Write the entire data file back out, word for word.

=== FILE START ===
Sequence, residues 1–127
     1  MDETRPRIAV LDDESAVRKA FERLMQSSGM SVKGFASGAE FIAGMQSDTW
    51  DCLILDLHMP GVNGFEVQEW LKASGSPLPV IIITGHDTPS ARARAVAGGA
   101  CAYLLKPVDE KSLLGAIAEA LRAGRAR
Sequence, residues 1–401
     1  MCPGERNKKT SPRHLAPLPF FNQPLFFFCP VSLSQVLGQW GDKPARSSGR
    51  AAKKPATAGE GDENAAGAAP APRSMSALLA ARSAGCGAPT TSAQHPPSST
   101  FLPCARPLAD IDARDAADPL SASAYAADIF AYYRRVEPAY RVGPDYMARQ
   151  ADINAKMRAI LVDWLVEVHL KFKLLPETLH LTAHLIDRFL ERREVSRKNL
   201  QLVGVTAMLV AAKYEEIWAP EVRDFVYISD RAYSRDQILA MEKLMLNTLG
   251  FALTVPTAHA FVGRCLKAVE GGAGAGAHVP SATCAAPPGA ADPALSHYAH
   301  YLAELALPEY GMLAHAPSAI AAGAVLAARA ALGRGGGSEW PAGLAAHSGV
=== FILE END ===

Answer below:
Sequence, residues 1–127
     1  MDETRPRIAV LDDESAVRKA FERLMQSSGM SVKGFASGAE FIAGMQSDTW
    51  DCLILDLHMP GVNGFEVQEW LKASGSPLPV IIITGHDTPS ARARAVAGGA
   101  CAYLLKPVDE KSLLGAIAEA LRAGRAR
Sequence, residues 1–401
     1  MCPGERNKKT SPRHLAPLPF FNQPLFFFCP VSLSQVLGQW GDKPARSSGR
    51  AAKKPATAGE GDENAAGAAP APRSMSALLA ARSAGCGAPT TSAQHPPSST
   101  FLPCARPLAD IDARDAADPL SASAYAADIF AYYRRVEPAY RVGPDYMARQ
   151  ADINAKMRAI LVDWLVEVHL KFKLLPETLH LTAHLIDRFL ERREVSRKNL
   201  QLVGVTAMLV AAKYEEIWAP EVRDFVYISD RAYSRDQILA MEKLMLNTLG
   251  FALTVPTAHA FVGRCLKAVE GGAGAGAHVP SATCAAPPGA ADPALSHYAH
   301  YLAELALPEY GMLAHAPSAI AAGAVLAARA ALGRGGGSEW PAGLAAHSGV